US Secretary of State Antony Blinken on Friday pressed Beijing on its treatment of Uighurs, Tibetans and Hong Kong, while China defended its policies in the first conversation between top officials of the two powers since US President Joe Biden took office.
“I made clear the US will defend our national interests, stand up for our democratic values, and hold Beijing accountable for its abuses of the international system,” Blinken wrote on Twitter of his call with Yang Jiechi (楊潔篪), a politburo member and head of the Chinese Communist Party’s foreign affairs office.
Blinken told Yang that the US would “continue to stand up for human rights and democratic values, including in Xinjiang, Tibet and Hong Kong,” a US Department of State statement said of the call.
Blinken also “pressed China to join the international community in condemning the military coup” in Myanmar, it said.
The top US diplomat said the US would hold Beijing “accountable for its efforts to threaten stability in the Indo-Pacific region, including across the Taiwan Strait, and its undermining of the rules-based international system.”
The tough tone comes after Blinken in his confirmation hearing said he would continue former US president Donald Trump’s approach to China in a rare point of agreement between the two administrations.
Yang said on the call that Hong Kong, Xinjiang and Tibet were “China’s internal affairs” and “no external forces are allowed to interfere,” urging the US to “correct mistakes” made in the past few years, the Chinese embassy to the US said in a statement.
He also called on Washington to “strictly abide by the one China principle” under which Beijing considers Taiwan an inseparable part of its territory, saying that “the Taiwan issue is the most important and sensitive core issue in China-US relations.”
Blinken has previously spoken of climate change as an area of cooperation as China and the US are the two largest emitters of greenhouse gases.
‘UNPRECEDENTED’: Taiwan’s envoy said that official wording framing Taiwan-China issues as not about unification or independence counters the narrative Beijing wants Use of the phrase “democratic Taiwan” by Germany’s new coalition government in official document shows that Taiwan-China issues are not about “independence” against “unification,” but about democracy against authoritarianism, Representative to Germany Shieh Jhy-wey (謝志偉) said yesterday. Germany’s Social Democratic Party, Free Democratic Party and the Greens — known as the “traffic light coalition” for their colors — on Wednesday inked a coalition agreement following elections on Sept. 26. The agreement, a blueprint for their governance for the next four years, mentions “Taiwan,” which is unprecedented, showing that the new German government is paying close attention to cross-strait peace and supports Taiwan’s
BIDEN NOD: A China watcher said that the inclusion of Taiwan is notable, as it is the only democratic state on the list that Washington does not officially recognize Minister Without Portfolio Audrey Tang (唐鳳) and Representative to the US Hsiao Bi-khim (蕭美琴) are to attend the US-led Summit for Democracy on Dec. 9 and 10, the government said yesterday, after US President Joe Biden announced the list of guests for the virtual event. The US Department of State on Tuesday announced a list of 110 invited participants, including Taiwan, Australia, Canada, the Czech Republic, France, Germany, Japan and the UK. China and Russia were not invited, and Beijing expressed anger at the decision to invite Taiwan. The summit is to revolve around three key themes: Defending against authoritarianism, addressing and fighting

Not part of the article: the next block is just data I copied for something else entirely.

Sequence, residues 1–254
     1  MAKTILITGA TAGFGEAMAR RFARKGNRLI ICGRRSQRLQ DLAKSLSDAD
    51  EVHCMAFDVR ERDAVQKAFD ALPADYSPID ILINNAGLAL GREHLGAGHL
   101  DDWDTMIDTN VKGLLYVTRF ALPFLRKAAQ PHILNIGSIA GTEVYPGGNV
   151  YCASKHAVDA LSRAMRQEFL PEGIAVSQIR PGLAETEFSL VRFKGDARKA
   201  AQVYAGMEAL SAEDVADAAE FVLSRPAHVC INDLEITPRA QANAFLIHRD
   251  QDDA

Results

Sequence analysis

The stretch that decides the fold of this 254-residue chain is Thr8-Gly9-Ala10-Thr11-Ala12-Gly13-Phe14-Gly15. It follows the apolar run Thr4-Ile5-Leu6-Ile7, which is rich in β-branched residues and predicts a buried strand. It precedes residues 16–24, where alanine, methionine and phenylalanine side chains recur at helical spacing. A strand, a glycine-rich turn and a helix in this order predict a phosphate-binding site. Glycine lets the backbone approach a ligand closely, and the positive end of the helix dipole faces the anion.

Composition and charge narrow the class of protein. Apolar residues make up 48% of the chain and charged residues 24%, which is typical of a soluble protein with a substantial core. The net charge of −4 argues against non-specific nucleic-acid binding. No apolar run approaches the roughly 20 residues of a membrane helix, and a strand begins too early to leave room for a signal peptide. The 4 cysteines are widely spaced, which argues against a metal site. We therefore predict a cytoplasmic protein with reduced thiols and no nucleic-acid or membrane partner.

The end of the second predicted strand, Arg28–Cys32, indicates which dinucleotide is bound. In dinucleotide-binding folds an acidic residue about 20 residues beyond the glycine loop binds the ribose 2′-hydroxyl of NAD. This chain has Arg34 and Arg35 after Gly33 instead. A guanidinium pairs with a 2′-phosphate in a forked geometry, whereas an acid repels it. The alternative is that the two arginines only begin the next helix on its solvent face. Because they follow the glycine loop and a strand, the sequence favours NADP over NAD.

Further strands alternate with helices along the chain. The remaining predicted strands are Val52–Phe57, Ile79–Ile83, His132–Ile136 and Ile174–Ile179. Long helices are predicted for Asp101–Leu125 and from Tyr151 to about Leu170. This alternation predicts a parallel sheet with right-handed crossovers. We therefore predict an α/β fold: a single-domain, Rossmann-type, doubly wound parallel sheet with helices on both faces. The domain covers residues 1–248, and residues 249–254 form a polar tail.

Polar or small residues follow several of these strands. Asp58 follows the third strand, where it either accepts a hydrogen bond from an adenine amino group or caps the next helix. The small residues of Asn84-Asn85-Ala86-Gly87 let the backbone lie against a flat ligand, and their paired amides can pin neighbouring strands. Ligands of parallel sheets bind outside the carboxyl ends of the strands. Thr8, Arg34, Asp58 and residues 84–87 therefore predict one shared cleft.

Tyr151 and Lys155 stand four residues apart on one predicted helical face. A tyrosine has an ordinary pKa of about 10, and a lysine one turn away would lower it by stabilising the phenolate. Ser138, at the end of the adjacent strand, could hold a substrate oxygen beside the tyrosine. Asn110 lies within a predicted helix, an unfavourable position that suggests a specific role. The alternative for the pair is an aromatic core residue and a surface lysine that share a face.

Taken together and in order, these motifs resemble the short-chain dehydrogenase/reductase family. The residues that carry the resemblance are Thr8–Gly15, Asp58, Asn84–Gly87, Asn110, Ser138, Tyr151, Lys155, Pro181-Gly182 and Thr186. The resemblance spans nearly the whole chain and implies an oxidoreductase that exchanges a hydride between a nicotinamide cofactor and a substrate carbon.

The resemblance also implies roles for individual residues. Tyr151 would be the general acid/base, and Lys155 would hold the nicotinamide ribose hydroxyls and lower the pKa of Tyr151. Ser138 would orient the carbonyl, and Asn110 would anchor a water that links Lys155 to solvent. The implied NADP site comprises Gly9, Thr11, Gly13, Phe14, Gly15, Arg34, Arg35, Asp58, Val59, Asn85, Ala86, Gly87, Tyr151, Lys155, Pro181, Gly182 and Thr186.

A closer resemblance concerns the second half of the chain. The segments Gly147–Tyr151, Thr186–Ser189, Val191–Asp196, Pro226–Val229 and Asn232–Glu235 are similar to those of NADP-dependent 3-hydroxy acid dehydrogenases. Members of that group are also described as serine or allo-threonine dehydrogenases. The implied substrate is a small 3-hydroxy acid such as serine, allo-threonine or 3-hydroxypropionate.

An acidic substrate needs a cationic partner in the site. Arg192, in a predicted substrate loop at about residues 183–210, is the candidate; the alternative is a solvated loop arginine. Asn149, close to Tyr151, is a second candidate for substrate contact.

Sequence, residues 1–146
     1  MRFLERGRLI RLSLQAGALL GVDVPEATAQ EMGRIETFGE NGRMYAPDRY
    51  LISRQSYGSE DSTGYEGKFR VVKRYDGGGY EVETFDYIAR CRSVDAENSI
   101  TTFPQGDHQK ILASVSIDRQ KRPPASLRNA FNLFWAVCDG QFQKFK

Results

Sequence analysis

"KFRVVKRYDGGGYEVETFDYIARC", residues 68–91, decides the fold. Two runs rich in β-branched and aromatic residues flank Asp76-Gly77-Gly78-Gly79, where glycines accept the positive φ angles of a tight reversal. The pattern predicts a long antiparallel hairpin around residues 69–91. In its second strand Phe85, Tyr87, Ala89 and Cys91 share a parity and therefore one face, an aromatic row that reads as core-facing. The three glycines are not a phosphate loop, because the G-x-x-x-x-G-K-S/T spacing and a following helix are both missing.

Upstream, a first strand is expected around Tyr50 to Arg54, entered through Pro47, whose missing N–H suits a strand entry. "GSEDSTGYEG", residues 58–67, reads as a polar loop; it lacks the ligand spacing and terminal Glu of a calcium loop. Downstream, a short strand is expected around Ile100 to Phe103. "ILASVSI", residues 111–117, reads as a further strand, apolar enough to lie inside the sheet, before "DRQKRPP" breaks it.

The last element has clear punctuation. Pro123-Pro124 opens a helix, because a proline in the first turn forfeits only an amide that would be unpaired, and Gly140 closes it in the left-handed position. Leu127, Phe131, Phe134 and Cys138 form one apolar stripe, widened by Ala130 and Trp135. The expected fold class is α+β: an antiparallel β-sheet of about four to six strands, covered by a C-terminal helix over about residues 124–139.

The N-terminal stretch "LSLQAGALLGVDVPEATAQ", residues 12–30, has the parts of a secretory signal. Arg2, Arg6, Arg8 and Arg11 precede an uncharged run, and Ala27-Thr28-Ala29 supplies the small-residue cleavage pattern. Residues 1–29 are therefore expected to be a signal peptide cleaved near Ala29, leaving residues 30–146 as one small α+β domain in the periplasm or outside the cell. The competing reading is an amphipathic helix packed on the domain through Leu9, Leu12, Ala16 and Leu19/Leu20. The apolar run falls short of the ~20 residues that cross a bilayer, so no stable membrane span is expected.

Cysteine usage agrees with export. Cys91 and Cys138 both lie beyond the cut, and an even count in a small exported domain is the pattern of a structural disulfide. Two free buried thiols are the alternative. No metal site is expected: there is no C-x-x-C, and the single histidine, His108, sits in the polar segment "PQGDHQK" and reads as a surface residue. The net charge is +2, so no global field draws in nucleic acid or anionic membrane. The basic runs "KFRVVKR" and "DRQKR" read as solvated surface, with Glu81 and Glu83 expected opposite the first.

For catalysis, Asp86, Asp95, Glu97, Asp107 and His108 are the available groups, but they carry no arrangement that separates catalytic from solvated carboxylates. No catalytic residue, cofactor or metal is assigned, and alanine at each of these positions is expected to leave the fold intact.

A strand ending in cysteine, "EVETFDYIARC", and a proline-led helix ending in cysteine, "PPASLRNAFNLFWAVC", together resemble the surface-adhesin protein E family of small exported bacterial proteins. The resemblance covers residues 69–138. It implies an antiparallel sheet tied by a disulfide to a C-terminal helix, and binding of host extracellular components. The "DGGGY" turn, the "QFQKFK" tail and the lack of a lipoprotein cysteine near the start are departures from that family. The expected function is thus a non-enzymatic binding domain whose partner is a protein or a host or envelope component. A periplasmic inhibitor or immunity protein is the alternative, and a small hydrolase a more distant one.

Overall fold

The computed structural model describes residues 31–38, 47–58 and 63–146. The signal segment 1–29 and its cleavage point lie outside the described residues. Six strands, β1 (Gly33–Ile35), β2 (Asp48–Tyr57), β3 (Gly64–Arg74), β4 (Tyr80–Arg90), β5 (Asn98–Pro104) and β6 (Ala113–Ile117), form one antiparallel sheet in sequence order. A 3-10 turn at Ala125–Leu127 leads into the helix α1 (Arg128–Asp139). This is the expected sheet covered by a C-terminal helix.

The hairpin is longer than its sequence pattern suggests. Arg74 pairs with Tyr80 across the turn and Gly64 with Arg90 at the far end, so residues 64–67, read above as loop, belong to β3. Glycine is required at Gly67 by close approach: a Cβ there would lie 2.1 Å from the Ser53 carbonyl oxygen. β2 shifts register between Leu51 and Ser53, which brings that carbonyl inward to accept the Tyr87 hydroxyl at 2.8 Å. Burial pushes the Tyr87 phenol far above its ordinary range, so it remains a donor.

China said it would punish businesses and political donors with links to individuals supporting Taiwanese independence after it fined Taiwanese conglomerate Far Eastern Group (遠東集團). “Businesses and financial sponsors associated with supporters of Taiwan independence will be penalized according to law,” Taiwan Affairs Office spokeswoman Zhu Fenglian (朱鳳蓮) told reporters on Monday, according to a statement from her agency. Zhu said that backers of independence undermine cross-strait relations and risk instability in the region. Zhu made the remark as she responded to a question about whether the punishment Far Eastern received earlier on Monday was connected to China’s efforts to sanction Taiwanese
‘REMAIN VIGILANT’: The CECC said that the COVID-19 situation in neighboring countries is still severe, so it is not considering easing border controls at this point About 35,500 rooms are expected to be available at quarantine hotels and centralized quarantine facilities for Taiwanese returning to the nation from abroad between Dec. 14 and Feb. 14, up from 29,600 rooms announced previously, the Central Epidemic Command Center (CECC) said yesterday. Minister of Transportation and Communications Wang Kwo-tsai (王國材) early this month said 26,000 rooms were available at quarantine hotels and that the CECC planned to make 3,600 rooms available at government quarantine facilities. The center announced the capacity expansion at an inter-ministerial meeting on COVID-19 prevention at the Executive Yuan yesterday morning. The CECC told the meeting that COVID-19 cases